The Rot Doctor


Subject: large beam
Date: Sun, 31 Jan 1999

I am looking for a solution for a large problem. While doing restoration work in a 150 year old temple a belong to it was found that a large beam (approx 12" by 16" 30 foot long) has a rotten hole in it due to old water damage. It is in the upper structure that is near a dome. It seems replacing it would be near impossible due to the location and size. I am looking for not only a filler but a product to regain the strength. Any ideas??


Mark K.


The rot can be repaired with a combination of Clear Penetrating Epoxy Sealer (CPES) and Layup & Laminating Resin. The wood must be dry, and you will need to drill 1/4 inch or larger access holes to inject the CPES. These holes should be downward-facing so gravity is working for you. In addition, the CPES should be brushed on generously all over the surface where any deterioration appears. You should apply as much CPES as the wood will absorb. Allow at least a week, and probably 2 weeks, for the epoxy carrier solvents to evaporate away and the epoxy to cure.

Assuming that there are hollows inside the beam caused by the deterioration, you would now follow up by injecting (use a kitchen baster) Layup & Laminating Resin into the holes. Again, put in all the L&L Resin the wood will accept. Surface gaps and hollows can be filled by making a paste with the L&L Resin and sawdust. This will give you a final appearance that is not too intrusive. Make any surface application smooth, though, because it's almost impossible to sand after it cures. (NOTE: for a painted beam, our Fill-It epoxy putty could be used.)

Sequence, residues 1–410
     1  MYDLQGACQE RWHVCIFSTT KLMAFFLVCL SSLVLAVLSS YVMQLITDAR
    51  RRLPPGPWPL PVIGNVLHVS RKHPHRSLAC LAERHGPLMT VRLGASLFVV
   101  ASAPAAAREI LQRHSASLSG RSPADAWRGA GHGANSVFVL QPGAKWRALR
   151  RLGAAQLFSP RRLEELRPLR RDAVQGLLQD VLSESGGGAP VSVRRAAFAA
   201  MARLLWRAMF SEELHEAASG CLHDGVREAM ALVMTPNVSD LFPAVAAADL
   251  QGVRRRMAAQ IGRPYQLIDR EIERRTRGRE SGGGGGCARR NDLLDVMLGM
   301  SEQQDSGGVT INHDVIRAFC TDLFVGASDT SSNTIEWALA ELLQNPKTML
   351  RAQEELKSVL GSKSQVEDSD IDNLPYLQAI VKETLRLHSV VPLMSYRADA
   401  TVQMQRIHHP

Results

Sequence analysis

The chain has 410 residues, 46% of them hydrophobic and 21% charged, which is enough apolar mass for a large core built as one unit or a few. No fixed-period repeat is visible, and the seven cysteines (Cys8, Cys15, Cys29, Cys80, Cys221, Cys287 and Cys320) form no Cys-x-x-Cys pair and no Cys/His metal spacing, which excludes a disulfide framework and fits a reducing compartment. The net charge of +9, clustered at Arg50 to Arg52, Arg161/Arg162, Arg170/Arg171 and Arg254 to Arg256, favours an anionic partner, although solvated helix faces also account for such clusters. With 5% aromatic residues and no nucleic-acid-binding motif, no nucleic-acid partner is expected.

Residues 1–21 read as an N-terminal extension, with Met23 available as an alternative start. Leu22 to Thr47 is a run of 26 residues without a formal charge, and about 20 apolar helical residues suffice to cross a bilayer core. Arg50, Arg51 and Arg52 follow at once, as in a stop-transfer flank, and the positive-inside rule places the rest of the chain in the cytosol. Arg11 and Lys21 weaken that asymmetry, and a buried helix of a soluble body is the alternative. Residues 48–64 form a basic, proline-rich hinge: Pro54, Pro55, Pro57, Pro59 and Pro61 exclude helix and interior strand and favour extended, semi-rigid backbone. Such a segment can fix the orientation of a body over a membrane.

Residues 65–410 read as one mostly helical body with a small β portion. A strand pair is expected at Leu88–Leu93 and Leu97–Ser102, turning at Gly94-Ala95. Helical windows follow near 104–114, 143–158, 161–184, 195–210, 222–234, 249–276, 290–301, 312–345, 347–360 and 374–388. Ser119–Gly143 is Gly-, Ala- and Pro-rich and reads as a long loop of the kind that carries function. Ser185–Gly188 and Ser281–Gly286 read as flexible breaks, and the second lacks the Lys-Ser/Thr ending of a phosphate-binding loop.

What you have done now is replaced missing wood material with a premium epoxy. The L&L Resin bonds at the molecular level with the CPES-impregnated wood. The area will be highly resistant to rot and any kind of water damage. There is no real good answer, in terms of structural numbers, about the strength of the beam. Epoxy and wood is commonly used in boat construction, where strength is very important. My opinion is that if the beam is now showing no signs of breaking or sagging, then the epoxy solution is sufficient. In some cases, engineers have specified "sisters" on repaired areas, that is, attached outside additional support in wood or metal.

The repair I have outlined above have been used many times with the CPES and the L&L Resin. We have heard of no failures. Come back if I can answer additional questions.